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The Alice Behind Wonderland Hardcover – March 17, 2011

3.7 out of 5 stars 29 customer reviews

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Editorial Reviews

From Publishers Weekly

Winchester (The Professor and the Madman) explores the story behind Alice in Wonderland by focusing on an 1858 portrait taken by the eccentric Charles Dodgson-best known by his pen-name, Lewis Carroll. The subject of the photo is six-year-old Alice Liddell, the daughter of the dean of Oxford's Christ Church College who, encouraged by Dodgson, is dressed as a ragged beggar-maid-a costume inspired by a Tennyson poem. The dean's daughter provided Dodgson with not only the name and inspiration for the main character of his now infamous book but she also asked him to write it as a gift for her. Winchester's overall tone is unfortunately self-indulgent, and his take that Alice is seductive and coquettish in the 1858 photo is questionable. He stretches his brief essay with the differences between daguerreotype and calotype photographic images while skimping on Dodgson's relationship with Alice's mother. Readers will more likely be interested in Winchester's benign interpretation of Dodgson's character than his preoccupation with one particular photograph.
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From Booklist

The prolific, critically acclaimed Winchester (The River at the Center of the World, 1996; The Professor and the Madman, 1998; Krakatoa, 2003; etc.) describes his latest book as �the photographic backstory of the Alice in Wonderland saga.� As such, it is not only a thoughtful examination of Dodgson�s many celebrated photographs of Alice Liddell, the girl who was the inspiration for his famous fantasy, but also a brief history of the development of photography in the nineteenth century and Dodgson�s keen interest in it. While there is little that is new here about Dodgson�s curious life and eccentricities, the background material about photography will be unfamiliar to many readers. Happily, it is illuminating, and even its more technical aspects are made interesting and accessible by Winchester�s always elegant writing. The book concludes on a melancholy note, with a brief summary of the many sadnesses of Alice�s adult life and her lonely death. --Michael Cart

Product Details

  • Hardcover: 128 pages
  • Publisher: Oxford University Press; 1 edition (March 17, 2011)
  • Language: English
  • ISBN-10: 0195396197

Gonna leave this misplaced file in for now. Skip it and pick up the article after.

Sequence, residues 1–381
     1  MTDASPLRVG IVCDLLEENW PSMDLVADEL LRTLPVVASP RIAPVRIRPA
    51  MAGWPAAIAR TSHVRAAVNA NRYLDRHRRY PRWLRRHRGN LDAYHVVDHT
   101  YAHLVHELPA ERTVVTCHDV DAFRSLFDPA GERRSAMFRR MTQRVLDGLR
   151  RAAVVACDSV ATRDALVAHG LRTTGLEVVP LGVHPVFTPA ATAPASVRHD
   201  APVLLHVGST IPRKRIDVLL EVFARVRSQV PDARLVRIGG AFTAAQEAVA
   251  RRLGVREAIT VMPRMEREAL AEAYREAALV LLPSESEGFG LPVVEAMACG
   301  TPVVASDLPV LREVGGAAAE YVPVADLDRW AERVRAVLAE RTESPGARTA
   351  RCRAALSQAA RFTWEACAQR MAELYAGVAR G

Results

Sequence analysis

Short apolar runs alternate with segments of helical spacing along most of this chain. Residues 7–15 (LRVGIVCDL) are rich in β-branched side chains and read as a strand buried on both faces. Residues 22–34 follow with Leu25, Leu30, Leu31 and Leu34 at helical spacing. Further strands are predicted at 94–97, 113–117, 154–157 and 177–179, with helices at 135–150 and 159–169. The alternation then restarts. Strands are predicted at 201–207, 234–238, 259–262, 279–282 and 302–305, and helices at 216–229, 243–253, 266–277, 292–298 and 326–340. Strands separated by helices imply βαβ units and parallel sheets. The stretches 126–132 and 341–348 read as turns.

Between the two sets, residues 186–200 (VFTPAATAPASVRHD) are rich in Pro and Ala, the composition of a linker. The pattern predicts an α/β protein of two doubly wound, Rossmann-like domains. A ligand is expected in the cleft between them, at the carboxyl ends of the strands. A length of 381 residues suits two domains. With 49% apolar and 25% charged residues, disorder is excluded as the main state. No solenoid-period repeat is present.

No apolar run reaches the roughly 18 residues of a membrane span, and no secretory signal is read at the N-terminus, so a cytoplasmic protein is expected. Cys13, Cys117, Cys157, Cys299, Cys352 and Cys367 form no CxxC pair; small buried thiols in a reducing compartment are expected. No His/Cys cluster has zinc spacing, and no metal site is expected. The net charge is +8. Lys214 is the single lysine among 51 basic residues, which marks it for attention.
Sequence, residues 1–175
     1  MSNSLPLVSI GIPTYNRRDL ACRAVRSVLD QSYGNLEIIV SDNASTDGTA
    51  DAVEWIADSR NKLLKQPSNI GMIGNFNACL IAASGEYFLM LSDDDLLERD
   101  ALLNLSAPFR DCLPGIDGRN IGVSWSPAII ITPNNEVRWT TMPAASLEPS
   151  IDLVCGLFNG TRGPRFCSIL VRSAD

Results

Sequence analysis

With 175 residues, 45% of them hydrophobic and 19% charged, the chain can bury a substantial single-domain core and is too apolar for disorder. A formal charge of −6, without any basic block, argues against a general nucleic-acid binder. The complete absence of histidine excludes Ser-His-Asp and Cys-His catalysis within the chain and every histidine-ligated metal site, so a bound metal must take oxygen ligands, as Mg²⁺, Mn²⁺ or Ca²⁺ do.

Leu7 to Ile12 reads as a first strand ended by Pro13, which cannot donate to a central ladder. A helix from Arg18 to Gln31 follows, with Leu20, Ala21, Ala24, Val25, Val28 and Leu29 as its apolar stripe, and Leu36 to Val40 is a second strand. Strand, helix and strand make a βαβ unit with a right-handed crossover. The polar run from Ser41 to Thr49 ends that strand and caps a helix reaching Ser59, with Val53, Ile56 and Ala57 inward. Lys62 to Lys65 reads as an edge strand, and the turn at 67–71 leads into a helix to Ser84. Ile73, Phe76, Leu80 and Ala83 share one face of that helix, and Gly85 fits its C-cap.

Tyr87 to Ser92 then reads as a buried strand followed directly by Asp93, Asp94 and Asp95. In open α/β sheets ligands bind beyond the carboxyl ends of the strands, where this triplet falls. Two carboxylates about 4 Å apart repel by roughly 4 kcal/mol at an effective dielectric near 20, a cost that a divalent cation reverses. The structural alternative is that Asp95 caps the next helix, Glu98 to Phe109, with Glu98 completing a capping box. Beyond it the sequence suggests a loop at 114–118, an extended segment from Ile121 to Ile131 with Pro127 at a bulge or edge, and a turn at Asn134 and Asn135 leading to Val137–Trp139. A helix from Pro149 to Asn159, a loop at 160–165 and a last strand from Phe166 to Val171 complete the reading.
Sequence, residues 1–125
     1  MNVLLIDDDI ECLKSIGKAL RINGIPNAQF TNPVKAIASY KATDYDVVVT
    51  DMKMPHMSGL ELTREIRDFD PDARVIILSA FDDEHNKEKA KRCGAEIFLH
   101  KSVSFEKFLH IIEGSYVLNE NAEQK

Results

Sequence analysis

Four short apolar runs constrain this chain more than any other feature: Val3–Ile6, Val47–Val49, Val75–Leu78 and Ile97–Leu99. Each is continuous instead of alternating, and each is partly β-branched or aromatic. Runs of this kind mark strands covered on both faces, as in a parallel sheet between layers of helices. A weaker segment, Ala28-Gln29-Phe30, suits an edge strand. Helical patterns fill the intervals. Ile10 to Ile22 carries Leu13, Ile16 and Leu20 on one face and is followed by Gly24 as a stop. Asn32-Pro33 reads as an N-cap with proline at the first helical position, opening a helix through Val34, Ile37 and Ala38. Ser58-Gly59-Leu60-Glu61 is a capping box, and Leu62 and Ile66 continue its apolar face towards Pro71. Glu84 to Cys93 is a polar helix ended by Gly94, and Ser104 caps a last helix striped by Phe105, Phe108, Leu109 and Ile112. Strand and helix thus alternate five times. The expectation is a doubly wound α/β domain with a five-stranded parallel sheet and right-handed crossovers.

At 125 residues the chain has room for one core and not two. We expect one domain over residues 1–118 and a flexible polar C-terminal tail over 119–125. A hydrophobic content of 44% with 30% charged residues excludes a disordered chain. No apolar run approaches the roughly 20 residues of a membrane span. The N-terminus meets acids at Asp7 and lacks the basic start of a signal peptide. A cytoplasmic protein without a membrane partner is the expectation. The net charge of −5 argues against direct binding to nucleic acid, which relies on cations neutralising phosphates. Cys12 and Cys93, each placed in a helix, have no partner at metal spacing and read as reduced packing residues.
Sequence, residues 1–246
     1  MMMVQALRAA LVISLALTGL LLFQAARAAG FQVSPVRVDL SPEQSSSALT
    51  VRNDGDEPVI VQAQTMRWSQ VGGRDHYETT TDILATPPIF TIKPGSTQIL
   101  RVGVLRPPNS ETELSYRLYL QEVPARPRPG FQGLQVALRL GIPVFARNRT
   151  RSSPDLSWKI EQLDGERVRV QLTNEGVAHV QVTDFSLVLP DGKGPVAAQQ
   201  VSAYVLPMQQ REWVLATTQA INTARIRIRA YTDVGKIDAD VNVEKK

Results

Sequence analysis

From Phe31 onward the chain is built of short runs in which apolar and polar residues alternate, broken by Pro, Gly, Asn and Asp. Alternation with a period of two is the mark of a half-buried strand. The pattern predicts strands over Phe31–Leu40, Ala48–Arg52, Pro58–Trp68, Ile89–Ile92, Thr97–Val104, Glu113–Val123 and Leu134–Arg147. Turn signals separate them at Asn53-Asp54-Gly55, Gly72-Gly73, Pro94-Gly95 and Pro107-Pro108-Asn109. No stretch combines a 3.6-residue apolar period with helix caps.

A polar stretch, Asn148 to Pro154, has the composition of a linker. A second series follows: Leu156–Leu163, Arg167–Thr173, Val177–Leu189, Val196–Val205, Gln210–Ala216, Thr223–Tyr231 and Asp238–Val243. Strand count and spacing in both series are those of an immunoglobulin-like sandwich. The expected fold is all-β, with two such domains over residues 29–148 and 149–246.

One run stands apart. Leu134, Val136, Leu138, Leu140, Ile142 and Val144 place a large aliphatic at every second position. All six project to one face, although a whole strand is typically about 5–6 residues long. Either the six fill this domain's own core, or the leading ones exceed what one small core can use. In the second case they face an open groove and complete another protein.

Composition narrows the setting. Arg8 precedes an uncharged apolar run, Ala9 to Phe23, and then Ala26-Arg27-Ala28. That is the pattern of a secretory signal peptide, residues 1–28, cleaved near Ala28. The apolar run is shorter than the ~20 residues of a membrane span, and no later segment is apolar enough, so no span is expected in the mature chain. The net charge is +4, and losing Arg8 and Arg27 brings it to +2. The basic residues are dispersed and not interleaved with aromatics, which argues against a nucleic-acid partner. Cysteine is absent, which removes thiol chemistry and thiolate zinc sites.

• ISBN-13: 978-0195396195
  • Product Dimensions: 8.4 x 0.8 x 5.8 inches
  • Shipping Weight: 9.6 ounces (View shipping rates and policies)
  • Average Customer Review: 3.7 out of 5 stars  See all reviews (29 customer reviews)
  • Amazon Best Sellers Rank: #267,464 in Books (See Top 100 in Books)

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More About the Author

Simon Winchester studied geology at Oxford and has written for Condé Nast Traveler, Smithsonian, and National Geographic. Simon Winchester's many books include The Professor and the Madman ; The Map that Changed the World ; Krakatoa; and A Crack in the Edge of the World. Each of these have both been New York Times bestsellers and appeared on numerous best and notable lists. Mr. Winchester was made Officer of the Order of the British Empire (OBE) by HM The Queen in 2006. He lives in Massachusetts and in the Western Isles of Scotland.

Customer Reviews

Top Customer Reviews

Format: Kindle Edition
I was looking forward to this book on an interesting subject, by an interesting writer. I was a little disappointed. The title suggests it is mainly about Alice Liddell, the original Alice in Wonderland, but it was mainly about Charles Dodgson and early photography, with Alice as his principal model. The chief flaw of the book is that it describes in detail many photographs, but includes only the one that is on the cover of the book. If the book included all the photographs he described it would have been much more enjoyable. It is also quite short, perhaps a couple of hours read, so frustrating for anyone assuming a more detailed book.
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Format: Hardcover
The first thing to note about this book is that the title is misleading. You might imagine that it is primarily about the original Alice. In fact, there is far more about the history of photography, and about the Carroll collector M. L. Parrish, than about Alice.

That in itself is not a serious fault. Far more serious are the very many errors of fact. I list just a few; there are plenty more. He did not live in Tom Quad in 1856; he moved there in 1868 (p.11). His parents were first cousins, not third cousins (p.12). His back-garden railway was at Croft, not Daresbury (pp.12-13). Not all of his home-made magazines survive (p.18). Charles arrived at Oxford 30, not 40, years after his father graduated (p.19). Henrietta was seven, not four, when Carroll's mother died (p.20). He refers to "a magazine that for some inexplicable reason was called the Train" (p.27); the reasons for its name are well-known. Similarly, it is well known why Dodgson suggested the name Edgar Cuthwellis (p.29) - it is an anagram of his first two names, Charles Lutwidge. Maybe these errors are minor, but they could all have been avoided by reading the books that the author himself recommends for further reading. It does mean that it is difficult to trust any statement in the book without checking it.